Composting toilets help China go green

March 02, 2007 |

The 21,000-sf Ailu Community Center in Shanghai, China, will soon become a center for community recreation in the midst of a massive, 2,800-unit housing complex. The building's architects intend for it to serve as a sustainable demonstration project, incorporating a closed-loop geothermal system, natural ventilation through a bioclimatic southern wall, energy collecting photovoltaic panels, and a location selected specifically for its high potential for daylighting and ventilation. But Ailu's most exciting green technology is in the toilets.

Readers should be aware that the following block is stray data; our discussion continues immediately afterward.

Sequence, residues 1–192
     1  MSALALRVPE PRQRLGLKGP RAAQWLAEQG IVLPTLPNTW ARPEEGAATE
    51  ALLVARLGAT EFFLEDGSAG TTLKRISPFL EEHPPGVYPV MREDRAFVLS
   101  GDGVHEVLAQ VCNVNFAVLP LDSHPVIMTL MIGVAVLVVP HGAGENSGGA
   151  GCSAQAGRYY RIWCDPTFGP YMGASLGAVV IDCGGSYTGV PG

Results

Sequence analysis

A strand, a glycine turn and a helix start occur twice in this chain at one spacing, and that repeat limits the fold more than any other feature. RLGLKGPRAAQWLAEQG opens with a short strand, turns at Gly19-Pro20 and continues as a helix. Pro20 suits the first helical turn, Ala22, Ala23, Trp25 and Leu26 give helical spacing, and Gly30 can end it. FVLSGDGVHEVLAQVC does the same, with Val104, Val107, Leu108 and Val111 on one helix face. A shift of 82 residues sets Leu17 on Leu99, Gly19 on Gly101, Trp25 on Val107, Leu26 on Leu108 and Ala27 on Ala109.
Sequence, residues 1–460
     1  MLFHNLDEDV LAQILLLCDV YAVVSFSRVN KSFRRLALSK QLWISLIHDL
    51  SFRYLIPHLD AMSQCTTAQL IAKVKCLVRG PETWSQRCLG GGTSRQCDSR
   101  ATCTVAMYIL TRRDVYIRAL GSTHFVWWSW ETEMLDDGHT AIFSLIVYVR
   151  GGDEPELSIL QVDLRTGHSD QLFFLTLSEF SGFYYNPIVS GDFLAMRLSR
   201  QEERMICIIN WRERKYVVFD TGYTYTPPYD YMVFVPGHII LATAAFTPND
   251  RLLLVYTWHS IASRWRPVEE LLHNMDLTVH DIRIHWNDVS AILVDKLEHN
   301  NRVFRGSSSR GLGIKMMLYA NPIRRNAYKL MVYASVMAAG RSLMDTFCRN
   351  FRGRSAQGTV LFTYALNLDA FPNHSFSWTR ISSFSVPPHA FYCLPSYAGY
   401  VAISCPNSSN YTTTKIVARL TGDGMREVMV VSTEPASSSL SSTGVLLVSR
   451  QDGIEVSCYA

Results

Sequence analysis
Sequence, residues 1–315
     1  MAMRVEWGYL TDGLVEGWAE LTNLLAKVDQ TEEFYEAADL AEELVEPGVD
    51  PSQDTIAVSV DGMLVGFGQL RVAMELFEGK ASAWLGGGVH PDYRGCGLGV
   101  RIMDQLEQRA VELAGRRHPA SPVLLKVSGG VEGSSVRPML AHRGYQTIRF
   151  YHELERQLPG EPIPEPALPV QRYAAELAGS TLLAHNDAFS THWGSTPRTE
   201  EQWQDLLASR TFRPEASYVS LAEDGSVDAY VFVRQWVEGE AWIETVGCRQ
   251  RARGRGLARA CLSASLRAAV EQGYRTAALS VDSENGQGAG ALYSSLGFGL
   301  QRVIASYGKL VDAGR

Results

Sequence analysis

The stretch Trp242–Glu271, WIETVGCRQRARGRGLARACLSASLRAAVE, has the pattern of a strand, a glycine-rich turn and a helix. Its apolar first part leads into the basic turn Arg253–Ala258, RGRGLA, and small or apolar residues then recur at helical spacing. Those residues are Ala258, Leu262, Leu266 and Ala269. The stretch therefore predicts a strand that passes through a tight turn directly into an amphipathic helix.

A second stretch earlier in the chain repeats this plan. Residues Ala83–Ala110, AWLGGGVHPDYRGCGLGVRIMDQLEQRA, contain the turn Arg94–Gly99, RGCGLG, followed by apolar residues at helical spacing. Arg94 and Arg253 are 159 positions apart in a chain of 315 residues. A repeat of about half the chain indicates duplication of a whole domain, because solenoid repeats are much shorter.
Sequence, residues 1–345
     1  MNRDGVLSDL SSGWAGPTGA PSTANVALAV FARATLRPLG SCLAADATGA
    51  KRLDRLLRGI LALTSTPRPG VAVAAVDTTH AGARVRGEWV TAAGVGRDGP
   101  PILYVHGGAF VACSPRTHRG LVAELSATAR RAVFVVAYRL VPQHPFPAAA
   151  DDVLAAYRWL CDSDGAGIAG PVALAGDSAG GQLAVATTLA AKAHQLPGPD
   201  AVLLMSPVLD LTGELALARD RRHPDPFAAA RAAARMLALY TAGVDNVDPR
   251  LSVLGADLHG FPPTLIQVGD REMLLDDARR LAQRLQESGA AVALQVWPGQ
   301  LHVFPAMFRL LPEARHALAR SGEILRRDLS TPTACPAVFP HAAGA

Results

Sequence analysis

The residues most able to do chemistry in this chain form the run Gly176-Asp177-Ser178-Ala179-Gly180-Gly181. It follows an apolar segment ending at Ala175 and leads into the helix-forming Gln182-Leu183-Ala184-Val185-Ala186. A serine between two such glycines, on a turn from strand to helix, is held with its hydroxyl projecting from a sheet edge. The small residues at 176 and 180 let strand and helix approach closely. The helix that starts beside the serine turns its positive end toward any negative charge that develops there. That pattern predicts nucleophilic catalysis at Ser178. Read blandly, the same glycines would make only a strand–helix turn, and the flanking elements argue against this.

The community center will incorporate nine Clivus Multrum foam-flush toilets with two Clivus Multrum M35 Composters. Using a mixture of biocompatible soap and water, the toilets use only three ounces of water per flush, while the composters take the waste from up to 65,000 flushes a year and turn it into garden compost. Combined, the system promises to save as much as 202,000 gallons of water annually over traditional plumbing.

Clivus Multrum Input 209 at

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